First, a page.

How is Ivermectin used in dermatology ? This recently published paper is of interest because it mentions the possibility of treating rosacea with ivermectin (stromectol).
Sadly there is but a sole reference to treating rosacea with Ivermectin ; and whats more, this paper is not new to us. The research that this paper references was brought to our attention by Dr. Linda Sy in 2000 (see demodex mites ivermectin effective treatment ?). In her 2000 post Dr. Sy gave us the full text of that paper. Note that the cited 1999 paper refers to just one patient and there remains no published double blind study linking eradication of demodex by ivermectin to rosacea relief.
So this 2005 paper is interesting from the point of view of the general applicability of ivermectin to skin diseases, but doesn’t add to the rosacea/ivermectin story.
Another bit of history from the archives was the promotion of an anti-mite treatment called kwellada lotion that contains 5% permethrin. This was followed by several reports of bad reactions to this treatment.
The status of demodex folliculorum and its role in rosacea is still an open area of study. It has been difficult to prove that there is or isn’t a link between the mite and rosacea. In my mind, demodex mites remain as an innocent bystander.
Ivermectin: pharmacology and application in dermatology
International Journal of Dermatology, Volume 44 Page 981 – December 2005. Pharmacology and therapeutics, Assen L. Dourmishev, Lyubomir A. Dourmishev, and Robert A. Schwartz
Abstract: Ivermectin is a synthetic derivative of the antiparasitic class of compounds known as avermectins. It is a macrolide endectocide with activity against both endoparasites with cutaneous tropism (Strongyloides stercoralis, Ancylostoma braziliense, Cochliomyia hominivorax, Dermatobia hominis, Filaria bancrofti, Wucheria malayi, Onchocerca volvulus, Loa-loa) and ectoparasites such as Sarcoptes scabies, Pediculus humanus, Demodex folliculorum, and Cheyletiella sp. Ivermectin is of great interest in the treatment of patients with different forms of scabies, head lice, demodecidosis, cutaneous larva migrans, cutaneous larva currens, myiasis, and filariasis.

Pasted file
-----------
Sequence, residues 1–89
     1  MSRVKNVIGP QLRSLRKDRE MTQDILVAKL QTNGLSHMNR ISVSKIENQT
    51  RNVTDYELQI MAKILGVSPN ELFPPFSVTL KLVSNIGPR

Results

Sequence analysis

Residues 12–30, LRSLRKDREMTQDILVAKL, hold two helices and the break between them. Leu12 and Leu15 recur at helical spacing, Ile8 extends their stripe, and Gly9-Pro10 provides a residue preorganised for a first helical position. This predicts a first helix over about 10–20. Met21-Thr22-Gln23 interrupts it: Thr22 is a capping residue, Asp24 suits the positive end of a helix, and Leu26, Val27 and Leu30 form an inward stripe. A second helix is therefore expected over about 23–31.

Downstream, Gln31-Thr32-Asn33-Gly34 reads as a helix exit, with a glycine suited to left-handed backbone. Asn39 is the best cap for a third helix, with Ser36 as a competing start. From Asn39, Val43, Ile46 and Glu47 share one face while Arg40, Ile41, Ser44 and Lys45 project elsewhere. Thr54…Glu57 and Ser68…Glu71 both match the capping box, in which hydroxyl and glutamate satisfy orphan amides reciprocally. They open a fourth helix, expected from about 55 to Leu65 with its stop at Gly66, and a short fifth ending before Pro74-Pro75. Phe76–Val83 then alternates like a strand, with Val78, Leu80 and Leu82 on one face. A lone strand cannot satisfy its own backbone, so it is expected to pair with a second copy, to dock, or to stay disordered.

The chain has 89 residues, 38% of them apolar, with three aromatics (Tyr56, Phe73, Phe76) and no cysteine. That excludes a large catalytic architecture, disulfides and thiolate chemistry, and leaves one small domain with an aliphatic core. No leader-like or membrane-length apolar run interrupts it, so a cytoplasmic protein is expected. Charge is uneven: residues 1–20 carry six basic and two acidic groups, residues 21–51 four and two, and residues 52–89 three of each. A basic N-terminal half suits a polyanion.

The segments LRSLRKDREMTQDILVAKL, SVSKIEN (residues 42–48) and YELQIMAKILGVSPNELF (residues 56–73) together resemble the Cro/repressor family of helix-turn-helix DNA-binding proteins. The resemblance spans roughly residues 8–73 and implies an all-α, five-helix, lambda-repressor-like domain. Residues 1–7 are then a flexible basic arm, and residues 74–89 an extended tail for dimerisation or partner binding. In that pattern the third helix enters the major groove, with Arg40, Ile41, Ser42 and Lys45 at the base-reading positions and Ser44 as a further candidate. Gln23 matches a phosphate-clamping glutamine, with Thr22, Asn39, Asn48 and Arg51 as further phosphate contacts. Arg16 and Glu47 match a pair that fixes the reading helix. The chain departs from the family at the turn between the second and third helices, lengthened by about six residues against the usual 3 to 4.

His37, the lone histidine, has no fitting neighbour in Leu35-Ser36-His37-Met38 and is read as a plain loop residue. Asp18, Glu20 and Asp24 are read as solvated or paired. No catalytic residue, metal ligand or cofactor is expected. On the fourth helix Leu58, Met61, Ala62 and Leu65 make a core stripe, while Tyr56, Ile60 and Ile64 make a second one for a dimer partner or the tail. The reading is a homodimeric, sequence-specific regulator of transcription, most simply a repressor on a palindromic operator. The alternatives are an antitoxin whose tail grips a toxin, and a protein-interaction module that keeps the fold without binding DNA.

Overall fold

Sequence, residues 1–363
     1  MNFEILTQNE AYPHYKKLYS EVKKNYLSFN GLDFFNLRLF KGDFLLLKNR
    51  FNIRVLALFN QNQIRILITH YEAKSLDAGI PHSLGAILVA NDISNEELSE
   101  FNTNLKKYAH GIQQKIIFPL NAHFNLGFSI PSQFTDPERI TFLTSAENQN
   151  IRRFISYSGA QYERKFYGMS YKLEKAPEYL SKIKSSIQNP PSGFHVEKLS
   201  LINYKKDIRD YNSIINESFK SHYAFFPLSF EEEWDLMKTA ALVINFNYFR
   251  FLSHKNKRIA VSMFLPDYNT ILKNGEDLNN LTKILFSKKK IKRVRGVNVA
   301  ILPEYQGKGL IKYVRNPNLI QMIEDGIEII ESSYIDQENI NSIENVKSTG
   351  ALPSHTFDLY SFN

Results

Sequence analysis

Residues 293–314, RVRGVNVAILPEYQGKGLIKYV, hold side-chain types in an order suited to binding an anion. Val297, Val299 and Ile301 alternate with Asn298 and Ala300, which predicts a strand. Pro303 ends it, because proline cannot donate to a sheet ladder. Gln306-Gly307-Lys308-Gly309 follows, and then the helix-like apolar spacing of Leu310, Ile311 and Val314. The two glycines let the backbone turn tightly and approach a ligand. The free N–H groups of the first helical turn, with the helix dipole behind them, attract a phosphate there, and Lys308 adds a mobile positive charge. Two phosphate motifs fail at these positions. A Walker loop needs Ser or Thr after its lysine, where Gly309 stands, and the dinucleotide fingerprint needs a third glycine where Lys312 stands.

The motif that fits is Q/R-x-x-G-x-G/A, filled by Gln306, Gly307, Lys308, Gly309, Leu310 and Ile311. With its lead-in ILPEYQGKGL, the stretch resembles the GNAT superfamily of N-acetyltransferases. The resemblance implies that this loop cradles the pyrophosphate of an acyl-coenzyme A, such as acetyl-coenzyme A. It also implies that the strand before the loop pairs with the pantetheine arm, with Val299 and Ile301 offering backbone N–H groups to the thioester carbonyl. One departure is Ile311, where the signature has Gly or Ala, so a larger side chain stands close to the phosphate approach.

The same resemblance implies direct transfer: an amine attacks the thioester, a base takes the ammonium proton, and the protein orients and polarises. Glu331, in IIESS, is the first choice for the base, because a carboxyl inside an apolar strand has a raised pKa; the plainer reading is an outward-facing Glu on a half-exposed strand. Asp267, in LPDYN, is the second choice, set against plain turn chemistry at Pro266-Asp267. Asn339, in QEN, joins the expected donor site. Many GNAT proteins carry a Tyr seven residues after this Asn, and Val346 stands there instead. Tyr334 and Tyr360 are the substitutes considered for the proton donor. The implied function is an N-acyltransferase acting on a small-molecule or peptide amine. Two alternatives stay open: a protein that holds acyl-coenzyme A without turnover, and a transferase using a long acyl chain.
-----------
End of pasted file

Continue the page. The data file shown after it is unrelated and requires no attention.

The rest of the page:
Ivermectin has a structure similar to that of macrolide antibiotics, but without antibacterial activity. It is used against a wide range of endoparasites (nematodes) and ectoparasites (insects, acarine) of animals and humans. The interest of dermatologists in ivermectin therapy grew when promising results were observed in the treatment of human ectoparasitoses such as scabies.
Mode of Application in Humans
Contraindications to ivermectin therapy are allergic sensitization, nervous system disorders, pregnancy, and lactation. Ivermectin therapy should not be recommended for children younger than 5 years or less than 15 kg in weight.
Application in Dermatology:
Ivermectin is used in dermatology against some parasitic infestations in humans with cutaneous tropism. The drug is of great interest in the treatment of patients with different forms of scabies, human body lice, head lice, demodecicosis, cutaneous larva migrans, cutaneous larva currens, myiasis, and filariasis.
Others diseases with probably parasitic origin
A patient with follicular, papulopustular rosacea-like eruption with a long history of unsuccessful treatment also responded to the ivermectin therapy.
Safety and Adverse Reactions: The 20-year ivermectin history of effective control for millions of people suffering from microfilarial diseases indicates that it is an extremely safe drug. The results from several trials of ivermectin in the Onchocerciasis Control Programme in West Africa show a low prevalence of adverse reactions, most of which were mild and transient. Severe reactions were observed in only 1.83% of 50,929 treated patients. Transient and mild adverse reactions have been reported in 24% of filarial disease patients, with signs and symptoms including anorexia, asthenia, headache, arthralgia, myalgia, fever, and eosinophilia.
Conclusions: Oral ivermectin treatment offers several advantages over standard therapy of scabies, pediculosis, demodecidosis, larva migrans, myiasis, filariasis, and other parasitic infestations with cutaneous tropism. More studies are required to precisely define the optimal therapeutic uses for ivermectin in dermatology.